Regardless of such thoughts, the two planes in this week’s picture are timeless examples of the first jet vs. jet combat ever. It is wonderful to see them in such perfect condition, and my thanks to Mark Von Raesfeld for his wonderful photography. As always, follow the link for a larger view.

F-86 Sabre & MiG-15 at Chino
F-86 Sabre & MiG-15 at Chino

If you like this, I encourage you to check out this summary of all of the aviation photography I have featured here.

Friday pictures: B-25 Mitchell

This week’s subject is a picture by a Flickr photographer who is new to me – Michiel Harmsen, from the Netherlands. He has quite a few terrific shots, but the one that really caught my eye this week is a backlit shot of a taxiing North American B-25 Mitchell taken at the airshow in Bitburg, Germany this past weekend. This WWII medium bomber gained fame as the mount of Jimmy Doolittle’s Tokyo Raiders. I have so far followed a rule of thumb that all Friday pictures need to be airborne, but this week I am casting that aside. This one is simply too good to pass up.


My thanks to Mr. Harmsen for his beautiful photography. He generously makes the image available in enormous form, and it is even more compelling when viewed large.

As an aside, I believe this to be a B-25 painted in Red Bull colors (the plane’s markings are visible in other shots from the same set). A little googling suggests this B-25 is 44-86893. Retired to Davis Monthan in Arizona in 1957, it has been in civil service since 1958 (with a derelict period from 1969 to 1976). If you google N6123C, there is a great deal of information and pictures to be found on her. How wonderful she has survived to fly and be kept in such good shape.

If you like this, I encourage you to check out this summary of all of the aviation photography I have featured here.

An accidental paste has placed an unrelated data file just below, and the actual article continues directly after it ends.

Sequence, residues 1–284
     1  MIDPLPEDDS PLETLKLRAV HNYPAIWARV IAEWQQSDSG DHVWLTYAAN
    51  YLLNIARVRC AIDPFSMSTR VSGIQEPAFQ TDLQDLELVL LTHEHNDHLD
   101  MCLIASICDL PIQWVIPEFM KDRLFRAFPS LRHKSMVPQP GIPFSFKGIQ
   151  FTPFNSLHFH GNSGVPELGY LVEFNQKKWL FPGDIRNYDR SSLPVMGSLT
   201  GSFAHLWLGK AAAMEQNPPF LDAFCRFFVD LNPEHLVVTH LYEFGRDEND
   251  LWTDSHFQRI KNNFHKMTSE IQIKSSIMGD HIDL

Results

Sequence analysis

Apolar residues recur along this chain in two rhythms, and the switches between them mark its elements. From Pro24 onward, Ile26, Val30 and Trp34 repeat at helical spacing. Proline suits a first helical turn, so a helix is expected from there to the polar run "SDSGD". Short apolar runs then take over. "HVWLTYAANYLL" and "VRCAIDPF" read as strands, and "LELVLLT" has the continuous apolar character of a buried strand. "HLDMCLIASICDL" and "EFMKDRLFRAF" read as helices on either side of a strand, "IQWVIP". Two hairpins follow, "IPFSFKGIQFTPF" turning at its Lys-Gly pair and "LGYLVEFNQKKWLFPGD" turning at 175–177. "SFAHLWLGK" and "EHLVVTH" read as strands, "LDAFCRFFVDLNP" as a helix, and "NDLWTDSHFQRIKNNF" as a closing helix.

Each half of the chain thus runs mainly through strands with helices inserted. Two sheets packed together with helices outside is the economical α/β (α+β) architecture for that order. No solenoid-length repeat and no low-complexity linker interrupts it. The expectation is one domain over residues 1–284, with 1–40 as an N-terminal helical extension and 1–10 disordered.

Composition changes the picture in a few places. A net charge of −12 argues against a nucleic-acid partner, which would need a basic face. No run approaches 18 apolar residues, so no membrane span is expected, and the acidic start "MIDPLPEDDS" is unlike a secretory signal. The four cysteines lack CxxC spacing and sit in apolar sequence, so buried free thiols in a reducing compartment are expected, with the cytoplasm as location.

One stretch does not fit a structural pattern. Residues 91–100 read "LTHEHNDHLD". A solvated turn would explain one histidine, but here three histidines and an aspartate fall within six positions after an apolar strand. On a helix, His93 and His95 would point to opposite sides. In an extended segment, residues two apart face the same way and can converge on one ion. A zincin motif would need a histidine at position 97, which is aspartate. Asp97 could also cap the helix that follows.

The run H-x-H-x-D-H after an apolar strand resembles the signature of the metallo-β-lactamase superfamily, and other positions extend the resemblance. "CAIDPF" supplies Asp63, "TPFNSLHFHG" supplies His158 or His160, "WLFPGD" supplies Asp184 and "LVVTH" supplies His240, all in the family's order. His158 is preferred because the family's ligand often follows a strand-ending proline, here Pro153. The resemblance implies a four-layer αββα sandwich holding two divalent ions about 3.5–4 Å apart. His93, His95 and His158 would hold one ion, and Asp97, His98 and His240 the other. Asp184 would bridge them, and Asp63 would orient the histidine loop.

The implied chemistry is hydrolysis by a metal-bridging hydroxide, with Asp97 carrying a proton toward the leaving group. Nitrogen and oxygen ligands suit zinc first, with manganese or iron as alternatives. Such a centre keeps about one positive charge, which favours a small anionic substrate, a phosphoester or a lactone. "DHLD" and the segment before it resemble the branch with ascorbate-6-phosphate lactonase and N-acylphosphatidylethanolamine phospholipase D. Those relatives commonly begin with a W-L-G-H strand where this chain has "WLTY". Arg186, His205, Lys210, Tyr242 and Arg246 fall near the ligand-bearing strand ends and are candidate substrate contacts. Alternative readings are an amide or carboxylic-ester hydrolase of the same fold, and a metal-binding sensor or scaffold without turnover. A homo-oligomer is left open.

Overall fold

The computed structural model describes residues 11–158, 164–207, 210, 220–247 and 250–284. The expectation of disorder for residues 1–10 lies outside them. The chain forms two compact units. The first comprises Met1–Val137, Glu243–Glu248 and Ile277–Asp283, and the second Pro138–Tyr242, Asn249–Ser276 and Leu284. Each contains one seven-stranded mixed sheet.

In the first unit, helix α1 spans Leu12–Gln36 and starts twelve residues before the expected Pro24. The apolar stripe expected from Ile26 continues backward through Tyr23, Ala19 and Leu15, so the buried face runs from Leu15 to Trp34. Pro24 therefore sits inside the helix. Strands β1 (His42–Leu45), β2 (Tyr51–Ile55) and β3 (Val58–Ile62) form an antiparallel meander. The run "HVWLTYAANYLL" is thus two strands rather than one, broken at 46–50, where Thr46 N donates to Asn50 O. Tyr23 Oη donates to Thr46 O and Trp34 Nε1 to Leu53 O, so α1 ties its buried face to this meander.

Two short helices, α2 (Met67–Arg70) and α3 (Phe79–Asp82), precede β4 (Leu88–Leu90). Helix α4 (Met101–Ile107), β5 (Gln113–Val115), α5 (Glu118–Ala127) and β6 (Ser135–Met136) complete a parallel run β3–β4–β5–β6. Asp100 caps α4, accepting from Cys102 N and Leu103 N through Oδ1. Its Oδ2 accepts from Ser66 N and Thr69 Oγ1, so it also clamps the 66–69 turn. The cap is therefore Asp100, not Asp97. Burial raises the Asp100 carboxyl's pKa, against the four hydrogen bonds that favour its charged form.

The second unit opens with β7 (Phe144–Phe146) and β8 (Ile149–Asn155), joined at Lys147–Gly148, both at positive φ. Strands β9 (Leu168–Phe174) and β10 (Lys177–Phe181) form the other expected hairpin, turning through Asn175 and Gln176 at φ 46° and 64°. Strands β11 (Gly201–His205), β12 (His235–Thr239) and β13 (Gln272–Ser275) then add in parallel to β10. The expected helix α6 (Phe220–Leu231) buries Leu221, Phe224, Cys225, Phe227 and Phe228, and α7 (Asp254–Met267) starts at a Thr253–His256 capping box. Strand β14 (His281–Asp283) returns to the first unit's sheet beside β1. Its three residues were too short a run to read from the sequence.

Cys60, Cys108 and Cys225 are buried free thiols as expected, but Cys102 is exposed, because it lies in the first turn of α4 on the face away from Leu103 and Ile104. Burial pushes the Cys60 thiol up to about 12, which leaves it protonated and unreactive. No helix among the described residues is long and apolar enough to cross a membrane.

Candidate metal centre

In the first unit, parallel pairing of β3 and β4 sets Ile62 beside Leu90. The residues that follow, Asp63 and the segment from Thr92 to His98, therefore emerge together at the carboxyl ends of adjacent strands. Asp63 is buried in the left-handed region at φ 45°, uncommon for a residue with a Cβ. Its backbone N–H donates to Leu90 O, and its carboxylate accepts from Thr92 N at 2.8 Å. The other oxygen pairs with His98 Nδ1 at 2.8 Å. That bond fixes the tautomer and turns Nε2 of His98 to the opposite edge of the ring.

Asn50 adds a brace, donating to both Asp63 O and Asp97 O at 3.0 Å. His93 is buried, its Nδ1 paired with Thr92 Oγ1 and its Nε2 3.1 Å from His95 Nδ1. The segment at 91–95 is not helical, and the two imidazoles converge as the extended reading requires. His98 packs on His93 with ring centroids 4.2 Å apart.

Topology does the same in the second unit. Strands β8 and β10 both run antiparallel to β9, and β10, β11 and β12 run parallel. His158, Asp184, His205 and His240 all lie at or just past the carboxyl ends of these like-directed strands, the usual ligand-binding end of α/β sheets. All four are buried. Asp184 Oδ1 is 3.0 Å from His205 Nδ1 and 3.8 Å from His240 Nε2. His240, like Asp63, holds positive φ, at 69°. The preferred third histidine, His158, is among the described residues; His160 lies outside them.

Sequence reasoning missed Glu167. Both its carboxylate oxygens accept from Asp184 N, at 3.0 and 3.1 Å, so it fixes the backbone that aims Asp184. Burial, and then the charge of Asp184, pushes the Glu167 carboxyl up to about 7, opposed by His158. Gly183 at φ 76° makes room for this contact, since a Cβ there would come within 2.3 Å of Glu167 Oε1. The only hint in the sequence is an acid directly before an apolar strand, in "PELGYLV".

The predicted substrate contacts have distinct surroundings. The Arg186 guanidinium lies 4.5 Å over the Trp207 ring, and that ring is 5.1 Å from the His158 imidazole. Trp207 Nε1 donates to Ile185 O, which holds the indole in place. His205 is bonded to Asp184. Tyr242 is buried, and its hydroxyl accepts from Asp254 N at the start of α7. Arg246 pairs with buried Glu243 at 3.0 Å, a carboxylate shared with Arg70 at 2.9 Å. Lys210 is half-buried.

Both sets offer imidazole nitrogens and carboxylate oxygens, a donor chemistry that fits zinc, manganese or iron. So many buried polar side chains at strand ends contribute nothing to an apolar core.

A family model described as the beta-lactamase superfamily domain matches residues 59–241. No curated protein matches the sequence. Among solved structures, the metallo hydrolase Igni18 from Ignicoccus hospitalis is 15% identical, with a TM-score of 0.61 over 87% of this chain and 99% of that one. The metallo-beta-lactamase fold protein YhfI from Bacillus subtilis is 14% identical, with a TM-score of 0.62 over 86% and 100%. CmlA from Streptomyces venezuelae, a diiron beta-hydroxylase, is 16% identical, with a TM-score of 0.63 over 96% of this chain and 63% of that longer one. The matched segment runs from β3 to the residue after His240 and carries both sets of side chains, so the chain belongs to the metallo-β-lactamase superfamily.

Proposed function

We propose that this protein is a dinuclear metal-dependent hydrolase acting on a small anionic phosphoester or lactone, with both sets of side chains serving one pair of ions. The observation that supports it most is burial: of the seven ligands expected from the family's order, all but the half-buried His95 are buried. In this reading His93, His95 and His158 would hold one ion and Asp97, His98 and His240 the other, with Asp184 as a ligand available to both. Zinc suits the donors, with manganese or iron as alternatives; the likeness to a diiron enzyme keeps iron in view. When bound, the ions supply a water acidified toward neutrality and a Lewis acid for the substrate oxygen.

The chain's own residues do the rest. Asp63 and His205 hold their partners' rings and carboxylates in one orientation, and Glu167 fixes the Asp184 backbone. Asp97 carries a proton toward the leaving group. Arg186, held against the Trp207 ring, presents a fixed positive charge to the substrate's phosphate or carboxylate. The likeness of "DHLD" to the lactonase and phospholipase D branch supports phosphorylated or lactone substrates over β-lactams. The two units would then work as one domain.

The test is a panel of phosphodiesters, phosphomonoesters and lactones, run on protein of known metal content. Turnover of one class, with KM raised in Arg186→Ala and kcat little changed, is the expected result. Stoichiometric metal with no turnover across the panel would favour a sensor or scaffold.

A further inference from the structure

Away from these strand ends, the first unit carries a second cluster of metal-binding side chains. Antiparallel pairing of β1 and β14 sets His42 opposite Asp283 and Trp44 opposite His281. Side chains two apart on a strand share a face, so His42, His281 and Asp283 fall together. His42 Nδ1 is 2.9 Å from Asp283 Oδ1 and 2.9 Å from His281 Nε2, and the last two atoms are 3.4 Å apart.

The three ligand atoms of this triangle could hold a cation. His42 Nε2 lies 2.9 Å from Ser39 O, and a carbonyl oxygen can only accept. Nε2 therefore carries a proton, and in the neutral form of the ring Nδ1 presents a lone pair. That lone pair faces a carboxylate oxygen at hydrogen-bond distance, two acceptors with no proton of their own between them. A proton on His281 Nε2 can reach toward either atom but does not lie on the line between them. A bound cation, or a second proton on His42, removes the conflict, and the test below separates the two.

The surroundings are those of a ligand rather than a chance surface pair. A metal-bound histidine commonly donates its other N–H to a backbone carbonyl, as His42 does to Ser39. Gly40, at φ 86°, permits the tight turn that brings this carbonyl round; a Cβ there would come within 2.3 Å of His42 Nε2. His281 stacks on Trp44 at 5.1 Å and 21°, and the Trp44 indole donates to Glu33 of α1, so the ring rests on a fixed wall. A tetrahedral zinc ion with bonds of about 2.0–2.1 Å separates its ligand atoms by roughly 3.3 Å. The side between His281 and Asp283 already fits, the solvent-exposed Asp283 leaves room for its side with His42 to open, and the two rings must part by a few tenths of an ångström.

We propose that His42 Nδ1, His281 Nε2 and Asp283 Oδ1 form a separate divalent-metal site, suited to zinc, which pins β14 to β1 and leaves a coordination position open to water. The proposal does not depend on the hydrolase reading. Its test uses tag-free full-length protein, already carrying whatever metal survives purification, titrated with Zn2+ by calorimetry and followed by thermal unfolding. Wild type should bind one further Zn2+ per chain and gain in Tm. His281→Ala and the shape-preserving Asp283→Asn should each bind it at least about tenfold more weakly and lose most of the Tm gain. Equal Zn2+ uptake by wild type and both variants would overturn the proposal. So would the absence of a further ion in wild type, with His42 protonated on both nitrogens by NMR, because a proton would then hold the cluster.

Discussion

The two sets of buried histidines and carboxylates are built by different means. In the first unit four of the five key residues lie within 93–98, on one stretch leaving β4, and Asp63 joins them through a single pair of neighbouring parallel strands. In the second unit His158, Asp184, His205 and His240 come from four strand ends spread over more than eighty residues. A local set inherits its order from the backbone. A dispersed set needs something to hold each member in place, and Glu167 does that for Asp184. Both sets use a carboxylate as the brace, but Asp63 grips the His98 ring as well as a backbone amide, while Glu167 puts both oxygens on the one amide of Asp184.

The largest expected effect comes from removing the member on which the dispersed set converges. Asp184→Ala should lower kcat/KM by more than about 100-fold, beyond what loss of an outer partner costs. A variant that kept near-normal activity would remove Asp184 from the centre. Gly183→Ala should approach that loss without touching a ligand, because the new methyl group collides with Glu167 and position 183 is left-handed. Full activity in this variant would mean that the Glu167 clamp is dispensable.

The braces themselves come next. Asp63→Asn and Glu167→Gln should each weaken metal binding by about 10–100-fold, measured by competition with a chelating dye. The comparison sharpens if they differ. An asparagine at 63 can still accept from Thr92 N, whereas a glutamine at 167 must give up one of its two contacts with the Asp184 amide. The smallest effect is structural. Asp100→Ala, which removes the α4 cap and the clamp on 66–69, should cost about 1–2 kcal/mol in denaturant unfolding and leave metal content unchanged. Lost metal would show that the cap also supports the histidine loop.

Lego P-51 Mustang

Uploaded by John Lamarck


Friday Pictures: North American’s thoroughbreds

Two pictures to end this week – both of North American fighters. One of the piston-engined P-51 Mustang and the other of its jet descendant the F-86 Sabre. One became an iconic image over the skies of Europe and other over the Yalu River. I encourage you to follow the links over to Flickr and look at them both large – they’re beautifully composed and executed images.

P-51 Mustang (by MulesAFpilot)

P-51 Mustang by MulesAFpilot

Sabre on the Deck (by Images by A.J.)

Sabre on the deck by Images by A.J.

Happy Friday!

If you like this, I encourage you to check out this summary of all of the aviation photography I have featured here.

Friday pictures: Sabres at Dusk

F-86s at Dusk

Originally uploaded by Passive Man

Two North American F-86 Sabres bank low over an airfield in this fabulous shot. It could have been taken in 1951, but in fact it’s two warbirds on the show circuit, with looks and moves that belie their fifty year old design and service. Terrific colors and a great sense of disciplined movement.

If you like this, I encourage you to check out this summary of all of the aviation photography I have featured here.